Good user experience is what separates an awesome app from a regular one. Users expect their apps to be blazing-fast since no one enjoys waiting. When building mobile apps, we often use loaders, progress bars, and loading indicators to tell users when something is happening or loading.
The latest trend is to show placeholder/skeleton screens as loaders. This pattern of using a placeholder improves the user’s perceived experience when waiting for something to load. You might have seen these kinds of loaders in apps like Facebook and Netflix.
Language has always been an essential part of any business. As a business grows, they often look to expand into different countries and regions. To achieve success in these new regions it is important to provide localization.
When it comes to a mobile app, the conditions are no different. As an app’s user base expands to different countries, it is important to provide users with the ability to use the app in their native language.
In this piece, we are going to build a React Native app that supports multiple languages by using the
With ever increasing app usage, app developers keep trying to find new ways to keep their users engaged. Push notifications are one way to keep your users engaged and informed.
Push notifications are the communications channel used by apps to drive user re-engagement and retention. Push notification technology has come a long way, from being a single messages delivery system to a rich and interactive medium.
There are two types of notifications: remote and local.
With remote notifications, you use one of your company’s servers to push data to user devices via the Apple Push Notification service or FCM.
A loader in Web or Mobile is an essential design element, usually used when we need to perform some asynchronous task like data processing or fetching. These tasks may take some time, during which users must be entertained, so this is where loaders come in handy.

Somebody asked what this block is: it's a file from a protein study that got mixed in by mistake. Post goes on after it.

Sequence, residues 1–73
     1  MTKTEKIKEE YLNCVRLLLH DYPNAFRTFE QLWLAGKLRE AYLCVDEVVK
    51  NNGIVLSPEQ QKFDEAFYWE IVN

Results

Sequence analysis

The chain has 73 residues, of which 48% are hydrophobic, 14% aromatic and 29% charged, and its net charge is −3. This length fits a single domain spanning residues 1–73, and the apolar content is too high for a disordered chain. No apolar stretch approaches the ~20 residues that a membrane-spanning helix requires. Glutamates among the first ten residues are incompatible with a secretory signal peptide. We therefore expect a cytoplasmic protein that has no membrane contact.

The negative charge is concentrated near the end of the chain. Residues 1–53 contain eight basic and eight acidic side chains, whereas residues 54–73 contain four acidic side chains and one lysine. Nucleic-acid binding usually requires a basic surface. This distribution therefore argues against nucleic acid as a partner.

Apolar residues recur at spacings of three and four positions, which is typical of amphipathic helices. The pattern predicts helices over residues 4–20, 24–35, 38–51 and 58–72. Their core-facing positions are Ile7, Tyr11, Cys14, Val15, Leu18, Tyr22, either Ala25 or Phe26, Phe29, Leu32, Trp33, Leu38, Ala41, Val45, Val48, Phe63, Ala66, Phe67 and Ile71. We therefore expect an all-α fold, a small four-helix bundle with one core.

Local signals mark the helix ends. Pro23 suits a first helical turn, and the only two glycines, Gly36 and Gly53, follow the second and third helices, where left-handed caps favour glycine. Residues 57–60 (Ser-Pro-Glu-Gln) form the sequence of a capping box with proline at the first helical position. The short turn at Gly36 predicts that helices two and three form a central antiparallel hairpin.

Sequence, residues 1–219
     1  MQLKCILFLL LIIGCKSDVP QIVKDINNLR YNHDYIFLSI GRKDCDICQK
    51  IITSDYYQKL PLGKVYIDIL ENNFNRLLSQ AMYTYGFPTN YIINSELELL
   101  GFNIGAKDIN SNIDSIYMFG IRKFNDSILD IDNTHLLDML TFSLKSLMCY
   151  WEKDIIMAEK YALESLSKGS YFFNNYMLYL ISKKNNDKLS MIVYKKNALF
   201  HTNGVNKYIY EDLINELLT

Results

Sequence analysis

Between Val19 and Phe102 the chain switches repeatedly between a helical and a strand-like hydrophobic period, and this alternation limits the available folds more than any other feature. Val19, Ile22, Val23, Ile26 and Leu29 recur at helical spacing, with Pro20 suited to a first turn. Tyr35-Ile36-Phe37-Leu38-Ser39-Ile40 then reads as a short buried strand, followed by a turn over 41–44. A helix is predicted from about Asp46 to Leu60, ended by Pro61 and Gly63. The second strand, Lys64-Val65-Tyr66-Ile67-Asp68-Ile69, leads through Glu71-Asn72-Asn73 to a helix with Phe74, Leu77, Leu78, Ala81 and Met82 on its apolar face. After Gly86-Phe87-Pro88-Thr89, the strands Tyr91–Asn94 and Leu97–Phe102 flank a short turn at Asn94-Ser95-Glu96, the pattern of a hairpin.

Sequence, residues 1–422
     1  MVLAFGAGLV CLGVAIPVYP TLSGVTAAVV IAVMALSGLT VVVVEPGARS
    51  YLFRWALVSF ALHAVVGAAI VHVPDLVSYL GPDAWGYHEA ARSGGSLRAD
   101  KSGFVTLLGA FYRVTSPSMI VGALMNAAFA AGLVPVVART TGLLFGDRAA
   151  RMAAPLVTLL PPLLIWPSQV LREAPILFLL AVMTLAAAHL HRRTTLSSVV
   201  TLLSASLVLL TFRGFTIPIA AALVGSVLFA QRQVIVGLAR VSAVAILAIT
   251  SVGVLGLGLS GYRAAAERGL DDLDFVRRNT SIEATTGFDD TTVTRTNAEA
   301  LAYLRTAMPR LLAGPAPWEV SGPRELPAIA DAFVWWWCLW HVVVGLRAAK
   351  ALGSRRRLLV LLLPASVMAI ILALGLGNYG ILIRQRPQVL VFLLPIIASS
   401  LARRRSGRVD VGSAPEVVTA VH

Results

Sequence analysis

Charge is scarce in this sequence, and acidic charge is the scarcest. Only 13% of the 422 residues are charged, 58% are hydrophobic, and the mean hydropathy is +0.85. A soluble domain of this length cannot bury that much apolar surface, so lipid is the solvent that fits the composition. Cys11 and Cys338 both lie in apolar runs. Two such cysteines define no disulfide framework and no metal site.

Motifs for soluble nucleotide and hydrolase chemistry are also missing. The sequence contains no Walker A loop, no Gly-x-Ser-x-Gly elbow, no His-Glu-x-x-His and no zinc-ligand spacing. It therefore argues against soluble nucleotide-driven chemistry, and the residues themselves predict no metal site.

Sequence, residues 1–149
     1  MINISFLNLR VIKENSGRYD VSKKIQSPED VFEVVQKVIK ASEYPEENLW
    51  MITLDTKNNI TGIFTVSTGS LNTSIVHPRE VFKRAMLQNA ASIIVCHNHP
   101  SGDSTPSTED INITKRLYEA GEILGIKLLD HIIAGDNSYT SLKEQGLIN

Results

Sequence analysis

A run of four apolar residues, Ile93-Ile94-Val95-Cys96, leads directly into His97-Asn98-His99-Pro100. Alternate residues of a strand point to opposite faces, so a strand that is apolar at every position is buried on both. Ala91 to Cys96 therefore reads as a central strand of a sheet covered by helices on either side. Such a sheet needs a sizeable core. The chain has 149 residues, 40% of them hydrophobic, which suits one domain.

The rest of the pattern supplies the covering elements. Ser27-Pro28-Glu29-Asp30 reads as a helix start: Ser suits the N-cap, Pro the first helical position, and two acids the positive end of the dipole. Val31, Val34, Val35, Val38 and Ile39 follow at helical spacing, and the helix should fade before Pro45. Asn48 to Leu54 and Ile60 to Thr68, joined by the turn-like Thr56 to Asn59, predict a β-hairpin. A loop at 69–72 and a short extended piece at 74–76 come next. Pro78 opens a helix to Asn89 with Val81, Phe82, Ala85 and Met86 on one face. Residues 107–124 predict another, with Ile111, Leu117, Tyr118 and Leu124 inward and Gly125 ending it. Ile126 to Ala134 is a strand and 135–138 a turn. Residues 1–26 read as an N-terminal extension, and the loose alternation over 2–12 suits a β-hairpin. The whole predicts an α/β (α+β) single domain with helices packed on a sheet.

Loaders help developers keep the user engaged while they wait and avoid any lack of responsiveness in the app.
Don’t want to wait? Check out the npm package React-Native-Animated-Loader.
React Native has an
ActivityIndicator built in which can be used as a loading indicator.
Creating charts in React Native, be it on the web or on mobile apps, has always been an interesting and challenging task. It’s difficult to find a suitable library that can meet both your functional and design needs. You can try to make your own charts, but that often comes with the overhead of learning and implementing things from scratch.
If you are a beginner like me, you probably want to use an existing charts library and given how young the React Native community is, there are very few options available to you to implement and customize charts.
If you have ever used a mobile app or build one, then you must have come across some kind of list — whether it was a long list of contacts, products, countries, or other things.
They may seem very simple to an end user. But for developers, displaying a long list of data has always been a pain point when it comes to performant long lists. This is especially true in the apps that are build with React Native.
During the initial days of React Native, we had the good old
ListView. It had many features which made it very…
If you’ve been working with React Native you must have used or heard about react-native-maps. React native maps is a react native package that provides Google Maps API for React Native. Using static google maps is very common but today we are going to use one of the widely used features of google maps, location tracking using React native.
Find the project repo here
Start by creating a React Native project and name it whatever you want. I’m using the react-native-cli but create-react-native-app should also work just fine.
react-native init locationTracking
First, download the library from npm:
npm install react-native-maps…